Aegean RPG Review

21 February 2024
Become the epic hero of Greek mythology in Aegean, a roleplaying game that sees you build a new city, and adventure in the time of gods and monsters. Our reviewer takes a closer look.

Written by Richard Jansen-Parkes

When thinking of solo-developed indie RPGs, we usually picture slim little books with a light ruleset that prioritises storytelling over mechanics. Aegean manages to defy every one of these expectations, being big, bold and bursting with confidence. 

Aegean’s hefty rulebook is packed with options for characters and monsters alike, revelling in crunchy gameplay. When the party's long-term planning plays out just so, Aegean can tickle the "I'm so clever" portion of the brain that normally only fires during strategy-heavy board games. 

How do you play Aegean?

The game's simple premise combines two distinctly Grecian principles - mythic heroism and city-building. Rather than the roaming adventurers found in so many other RPGs, Aegean's players take the role of the champions somewhere in the Mediterranean. This means that one session might see them chasing out bandits from the nearby hills, while the next could see them questing on behalf of Poseidon's priests in the hopes that the sea god protects the city's trading galleys. 

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Aegean Adventures

In truth, the day-to-day adventuring of Aegean isn't too far from what you might encounter in any of the countless other RPGs based around heroes doing heroic things. You still hunt monsters, solve riddles and generally try to fix more problems than your party causes. The more you play, however, the more you realise just how much impact the city-building rules have on your experience. 

The city itself is almost like another character in your party, as you collectively choose which buildings to erect, advisors to hire, trade routes to forge and allies to make. While a GM can absolutely plan out long-term story arcs, the main thrust of your weekly sessions will be dictated by how the players manage their city and what random events are generated during the Agora phase. 

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How Complex is Aegean?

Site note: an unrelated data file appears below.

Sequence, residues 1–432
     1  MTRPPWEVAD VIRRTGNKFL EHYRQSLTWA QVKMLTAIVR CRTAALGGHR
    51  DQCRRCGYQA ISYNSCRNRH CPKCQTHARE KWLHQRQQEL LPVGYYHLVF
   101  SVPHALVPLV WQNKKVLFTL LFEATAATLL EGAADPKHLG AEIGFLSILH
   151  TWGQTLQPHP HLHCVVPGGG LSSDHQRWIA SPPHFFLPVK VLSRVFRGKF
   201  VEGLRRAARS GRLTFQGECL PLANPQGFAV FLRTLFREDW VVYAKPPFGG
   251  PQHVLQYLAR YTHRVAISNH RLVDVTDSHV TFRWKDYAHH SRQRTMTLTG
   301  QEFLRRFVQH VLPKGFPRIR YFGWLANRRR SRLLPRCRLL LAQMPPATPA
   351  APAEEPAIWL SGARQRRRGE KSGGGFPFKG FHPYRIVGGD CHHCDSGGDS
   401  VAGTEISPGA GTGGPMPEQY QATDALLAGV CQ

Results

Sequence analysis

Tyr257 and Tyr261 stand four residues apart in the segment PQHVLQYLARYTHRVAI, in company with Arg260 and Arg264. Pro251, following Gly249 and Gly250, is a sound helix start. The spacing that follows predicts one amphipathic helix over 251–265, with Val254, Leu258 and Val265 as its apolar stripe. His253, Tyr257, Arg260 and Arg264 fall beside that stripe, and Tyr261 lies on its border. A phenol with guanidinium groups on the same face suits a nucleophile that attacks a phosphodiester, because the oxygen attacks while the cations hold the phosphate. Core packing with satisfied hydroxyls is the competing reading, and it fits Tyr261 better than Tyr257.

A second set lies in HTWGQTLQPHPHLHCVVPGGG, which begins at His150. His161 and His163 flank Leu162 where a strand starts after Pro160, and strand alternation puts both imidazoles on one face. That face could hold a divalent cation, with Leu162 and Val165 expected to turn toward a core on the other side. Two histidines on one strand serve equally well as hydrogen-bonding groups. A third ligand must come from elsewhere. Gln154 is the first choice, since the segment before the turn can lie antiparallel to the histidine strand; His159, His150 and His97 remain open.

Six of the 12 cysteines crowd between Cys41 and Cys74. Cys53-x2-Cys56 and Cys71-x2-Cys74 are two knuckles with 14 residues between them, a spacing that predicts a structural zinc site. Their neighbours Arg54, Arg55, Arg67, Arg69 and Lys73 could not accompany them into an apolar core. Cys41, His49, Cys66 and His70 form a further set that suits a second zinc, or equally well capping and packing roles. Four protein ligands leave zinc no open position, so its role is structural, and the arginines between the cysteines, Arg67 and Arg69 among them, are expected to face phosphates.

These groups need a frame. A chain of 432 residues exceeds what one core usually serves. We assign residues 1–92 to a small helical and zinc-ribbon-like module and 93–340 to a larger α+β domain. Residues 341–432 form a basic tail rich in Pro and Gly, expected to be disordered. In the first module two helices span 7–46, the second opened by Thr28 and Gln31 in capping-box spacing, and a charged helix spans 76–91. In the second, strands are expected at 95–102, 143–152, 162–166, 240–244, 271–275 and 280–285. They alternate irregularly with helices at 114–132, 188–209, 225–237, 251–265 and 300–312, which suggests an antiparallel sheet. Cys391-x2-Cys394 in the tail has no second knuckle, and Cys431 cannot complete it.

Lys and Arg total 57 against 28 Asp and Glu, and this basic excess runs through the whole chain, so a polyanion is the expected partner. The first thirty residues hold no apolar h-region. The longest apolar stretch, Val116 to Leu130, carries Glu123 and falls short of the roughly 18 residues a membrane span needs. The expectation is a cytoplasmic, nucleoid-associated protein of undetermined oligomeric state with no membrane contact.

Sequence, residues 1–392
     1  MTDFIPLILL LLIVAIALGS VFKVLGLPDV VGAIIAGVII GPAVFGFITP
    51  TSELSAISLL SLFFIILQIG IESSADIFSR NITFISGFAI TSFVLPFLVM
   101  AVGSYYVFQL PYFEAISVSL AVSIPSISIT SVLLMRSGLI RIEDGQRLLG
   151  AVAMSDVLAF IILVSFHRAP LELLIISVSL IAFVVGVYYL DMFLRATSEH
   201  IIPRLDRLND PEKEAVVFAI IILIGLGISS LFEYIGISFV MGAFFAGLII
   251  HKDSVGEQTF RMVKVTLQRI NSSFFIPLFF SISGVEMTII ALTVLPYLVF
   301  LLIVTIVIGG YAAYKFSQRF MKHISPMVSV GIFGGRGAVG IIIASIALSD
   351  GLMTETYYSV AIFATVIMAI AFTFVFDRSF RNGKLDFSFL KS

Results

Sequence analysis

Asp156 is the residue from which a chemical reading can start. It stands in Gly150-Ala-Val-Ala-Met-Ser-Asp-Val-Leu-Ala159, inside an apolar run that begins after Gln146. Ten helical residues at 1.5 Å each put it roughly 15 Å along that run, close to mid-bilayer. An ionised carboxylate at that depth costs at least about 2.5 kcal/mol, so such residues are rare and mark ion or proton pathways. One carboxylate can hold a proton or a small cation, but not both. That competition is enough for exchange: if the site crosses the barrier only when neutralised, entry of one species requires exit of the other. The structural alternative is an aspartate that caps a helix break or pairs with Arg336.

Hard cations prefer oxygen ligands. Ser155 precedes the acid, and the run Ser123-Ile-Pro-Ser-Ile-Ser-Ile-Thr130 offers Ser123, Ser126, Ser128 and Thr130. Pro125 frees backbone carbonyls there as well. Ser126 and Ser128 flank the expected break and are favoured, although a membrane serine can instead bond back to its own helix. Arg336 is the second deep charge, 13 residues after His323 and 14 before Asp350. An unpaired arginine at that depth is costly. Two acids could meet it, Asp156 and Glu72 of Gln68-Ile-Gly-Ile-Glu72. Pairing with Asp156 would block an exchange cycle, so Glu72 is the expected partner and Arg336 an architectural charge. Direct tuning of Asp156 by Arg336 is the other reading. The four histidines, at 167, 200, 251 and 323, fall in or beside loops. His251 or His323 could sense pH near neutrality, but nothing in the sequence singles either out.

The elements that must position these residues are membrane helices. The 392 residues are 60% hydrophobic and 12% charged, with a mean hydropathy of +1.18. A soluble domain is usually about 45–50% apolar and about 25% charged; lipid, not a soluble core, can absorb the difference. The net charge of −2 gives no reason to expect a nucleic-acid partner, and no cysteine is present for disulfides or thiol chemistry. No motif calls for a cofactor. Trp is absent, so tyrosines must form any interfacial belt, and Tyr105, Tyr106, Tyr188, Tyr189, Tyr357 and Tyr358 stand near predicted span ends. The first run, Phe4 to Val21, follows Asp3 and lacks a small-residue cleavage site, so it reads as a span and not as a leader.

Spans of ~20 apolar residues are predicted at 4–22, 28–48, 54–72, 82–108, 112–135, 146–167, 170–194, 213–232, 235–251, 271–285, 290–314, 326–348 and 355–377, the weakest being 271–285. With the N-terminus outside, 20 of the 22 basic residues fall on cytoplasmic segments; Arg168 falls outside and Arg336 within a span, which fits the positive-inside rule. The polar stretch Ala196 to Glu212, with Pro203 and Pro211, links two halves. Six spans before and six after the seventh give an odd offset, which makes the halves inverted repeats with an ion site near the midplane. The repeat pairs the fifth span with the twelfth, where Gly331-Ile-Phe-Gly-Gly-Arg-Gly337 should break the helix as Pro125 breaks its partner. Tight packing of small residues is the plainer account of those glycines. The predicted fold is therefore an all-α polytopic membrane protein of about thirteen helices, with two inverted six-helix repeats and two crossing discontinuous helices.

If throwing around terms like 'the Agora phase' makes you feel a little nervous, your anxiety is probably warranted. Aegean’s gameplay relies on several subsystems all working as one harmonious whole; if you want to get the most out of it, you're going to need a thorough understanding of all of them, which given the rules section covers nearly 200 pages, this is not a simple task. 

It's important to draw a clear line between complex (which Aegean definitely is) and fiddly (which Aegean definitely is not). The core mechanic that drives the gameplay is straight forward: whenever a hero needs to make skill tests, they roll d10s equal to the total of their most relevant skill and stat (so hiding in a thicket would add survival and cunning). Each eight or higher is a success, with tens providing extra-special benefits. 

The combat rules are certainly on the crunchier side of things, with its variety of action options and melee attacks being impacted by the relative reach of the combatants' weapons, but they're still smooth enough once you get a couple of battles under your belt. 

The complexity only really bleeds in when you start to consider the full scope of the gameplay. You have all the typical stats and skills to keep an eye on, but there are also values for your character's resolve, risk, endurance, standing, wounds, hubris, glory and fate, all of which must be tracked and managed individually. 

If the rules were badly designed, these interlocking systems would suck the fun out of the game in minutes. Fortunately, Aegean was created with a huge amount of care and forethought. Things are complex, but also intuitive and work beautifully. Aegean requires and rewards a good knowledge of its systems, using them to deliver a unique blend of city management and mythical adventuring. It's hard to think of anything else that compares. 

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Is Aegean Good?

Yes. Mythical city-building with delightfully crunchy rules. Some groups might struggle with the ambitious scope, whilst others will be enchanted by them. For being the brainchild of a single author, Aegean is an incredibly ambitious and impressive game, with an epic scope and a solid, expansive ruleset.  

You can buy a copy of Aegean on Drive Thru RPG

Games Like Aegean

Pathfinder: Kingmaker 

Did you love managing your own city, but wished it was baked into the core ruleset? Well, here you go! 


Designer & Publisher: Stoo Goff

Pages: 300

Ages: 11+

Price: £45

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